Last year I saw a pamphlet containing this building and loved it, so, it was added to our bucket list. I love architecture like this and sadly, its not made any more!
New Norcia (pronounced ‘new nor-sia’) is in Western Australia, about 132 km (82 mi) north of Perth, and situated next to the banks of the Moore River. It’s the only monastic town in Australia.
On 1 March 1846, a Benedictine mission to the local native Aboriginals started about 8 km (5.0 mi) to the north, led by the two Spanish Benedictines, Rosendo Salvado and Joseph Serra. Within a year the mission was moved to where the town is today and on 1 March 1847, the foundation stone of the monastery was laid.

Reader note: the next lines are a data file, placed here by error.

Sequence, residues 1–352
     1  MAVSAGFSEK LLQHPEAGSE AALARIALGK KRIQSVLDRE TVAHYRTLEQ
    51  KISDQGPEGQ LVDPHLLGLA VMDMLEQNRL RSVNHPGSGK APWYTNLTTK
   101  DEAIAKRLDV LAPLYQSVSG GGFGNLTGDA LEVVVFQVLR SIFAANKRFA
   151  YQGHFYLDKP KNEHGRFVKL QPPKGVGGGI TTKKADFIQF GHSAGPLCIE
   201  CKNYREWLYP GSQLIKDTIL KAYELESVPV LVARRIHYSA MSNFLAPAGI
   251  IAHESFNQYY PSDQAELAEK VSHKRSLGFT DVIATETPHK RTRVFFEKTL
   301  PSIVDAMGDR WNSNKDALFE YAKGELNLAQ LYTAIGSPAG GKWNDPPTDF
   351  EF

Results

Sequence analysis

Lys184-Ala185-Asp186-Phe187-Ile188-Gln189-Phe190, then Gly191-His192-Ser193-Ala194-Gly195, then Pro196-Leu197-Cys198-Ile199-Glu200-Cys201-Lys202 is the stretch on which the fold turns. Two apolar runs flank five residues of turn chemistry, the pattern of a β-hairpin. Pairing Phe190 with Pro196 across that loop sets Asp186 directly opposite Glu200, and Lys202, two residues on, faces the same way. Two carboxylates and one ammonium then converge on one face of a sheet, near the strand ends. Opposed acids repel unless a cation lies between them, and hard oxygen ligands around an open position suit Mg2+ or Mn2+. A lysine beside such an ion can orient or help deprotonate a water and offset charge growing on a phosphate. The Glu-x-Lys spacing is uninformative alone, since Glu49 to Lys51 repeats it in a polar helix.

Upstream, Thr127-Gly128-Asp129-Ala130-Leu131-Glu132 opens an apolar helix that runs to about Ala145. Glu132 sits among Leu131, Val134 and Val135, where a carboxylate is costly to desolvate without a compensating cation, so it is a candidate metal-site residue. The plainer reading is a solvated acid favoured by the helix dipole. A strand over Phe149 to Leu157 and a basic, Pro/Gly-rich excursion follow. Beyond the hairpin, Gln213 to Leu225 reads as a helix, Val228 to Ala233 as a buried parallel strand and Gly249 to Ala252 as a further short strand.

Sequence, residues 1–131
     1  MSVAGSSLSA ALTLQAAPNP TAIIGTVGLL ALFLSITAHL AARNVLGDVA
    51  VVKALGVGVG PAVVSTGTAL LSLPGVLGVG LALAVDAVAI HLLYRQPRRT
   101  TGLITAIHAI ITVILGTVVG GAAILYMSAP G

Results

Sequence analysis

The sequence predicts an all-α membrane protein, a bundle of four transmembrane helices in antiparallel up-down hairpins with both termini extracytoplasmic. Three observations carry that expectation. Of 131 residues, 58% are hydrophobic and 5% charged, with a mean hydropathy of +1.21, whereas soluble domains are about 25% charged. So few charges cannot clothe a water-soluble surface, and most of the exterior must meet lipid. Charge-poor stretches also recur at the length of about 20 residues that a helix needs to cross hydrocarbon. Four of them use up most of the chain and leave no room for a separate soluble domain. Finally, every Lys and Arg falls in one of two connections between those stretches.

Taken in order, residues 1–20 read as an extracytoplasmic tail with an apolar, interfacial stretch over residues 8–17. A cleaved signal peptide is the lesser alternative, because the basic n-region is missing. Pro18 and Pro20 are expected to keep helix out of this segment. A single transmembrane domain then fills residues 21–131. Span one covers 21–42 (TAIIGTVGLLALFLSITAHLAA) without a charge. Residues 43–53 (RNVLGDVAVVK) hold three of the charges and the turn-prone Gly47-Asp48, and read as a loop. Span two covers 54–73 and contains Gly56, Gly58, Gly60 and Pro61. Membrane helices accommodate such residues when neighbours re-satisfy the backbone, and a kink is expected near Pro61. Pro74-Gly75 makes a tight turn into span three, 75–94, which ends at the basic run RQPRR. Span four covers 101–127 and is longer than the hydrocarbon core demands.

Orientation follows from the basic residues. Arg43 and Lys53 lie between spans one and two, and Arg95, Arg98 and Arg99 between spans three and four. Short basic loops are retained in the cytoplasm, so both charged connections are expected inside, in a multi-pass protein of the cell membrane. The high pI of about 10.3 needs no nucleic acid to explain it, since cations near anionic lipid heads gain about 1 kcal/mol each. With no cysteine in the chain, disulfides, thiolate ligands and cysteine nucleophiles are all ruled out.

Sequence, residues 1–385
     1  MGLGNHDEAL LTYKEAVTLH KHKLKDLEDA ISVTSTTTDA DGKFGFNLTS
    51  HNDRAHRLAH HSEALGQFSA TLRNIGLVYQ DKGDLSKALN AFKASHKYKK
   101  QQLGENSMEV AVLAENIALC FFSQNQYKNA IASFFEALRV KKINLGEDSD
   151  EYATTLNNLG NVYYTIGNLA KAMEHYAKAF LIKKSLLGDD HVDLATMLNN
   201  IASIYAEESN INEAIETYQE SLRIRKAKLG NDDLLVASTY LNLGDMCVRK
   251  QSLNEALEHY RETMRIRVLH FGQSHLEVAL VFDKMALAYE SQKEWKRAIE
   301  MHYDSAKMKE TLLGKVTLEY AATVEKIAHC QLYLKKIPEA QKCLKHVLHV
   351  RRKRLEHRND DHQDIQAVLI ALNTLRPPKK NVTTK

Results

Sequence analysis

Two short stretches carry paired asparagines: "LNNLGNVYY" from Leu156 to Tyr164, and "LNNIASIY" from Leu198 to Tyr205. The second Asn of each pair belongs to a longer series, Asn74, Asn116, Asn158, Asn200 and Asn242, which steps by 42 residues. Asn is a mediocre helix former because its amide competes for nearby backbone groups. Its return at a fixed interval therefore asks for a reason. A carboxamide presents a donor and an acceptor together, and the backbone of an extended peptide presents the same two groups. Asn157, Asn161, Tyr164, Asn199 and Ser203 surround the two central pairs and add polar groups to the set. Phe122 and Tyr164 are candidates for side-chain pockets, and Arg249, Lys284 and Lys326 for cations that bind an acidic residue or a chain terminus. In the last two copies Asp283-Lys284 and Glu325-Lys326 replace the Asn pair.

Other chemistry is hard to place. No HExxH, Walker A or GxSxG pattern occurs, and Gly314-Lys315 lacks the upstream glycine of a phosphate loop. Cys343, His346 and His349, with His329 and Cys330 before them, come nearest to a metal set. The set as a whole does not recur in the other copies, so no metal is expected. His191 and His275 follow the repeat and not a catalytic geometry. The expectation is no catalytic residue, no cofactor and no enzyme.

The place was named New Norcia, after Norcia in Italy, the birthplace of St Benedict. The town of New Norcia has buildings in a Spanish style of architecture, among these are the two old boarding schools, St Ildephonsus’ and St Gertrude’s (both now used for accommodation and various social functions), the Abbey Church (containing the tomb of Rosendo Salvado), an old mill, a wine press, a hotel and the monastery itself.
The Benedictine monks continue to occupy the monastery and are involved with most of the enterprises in the town. The last Spanish Benedictine monk of New Norcia died on 18 January 2010, aged 99. He continued to prepare the bread for the monks and olive oil almost upon his death.
An interesting place to visit, if ever you’re in the area!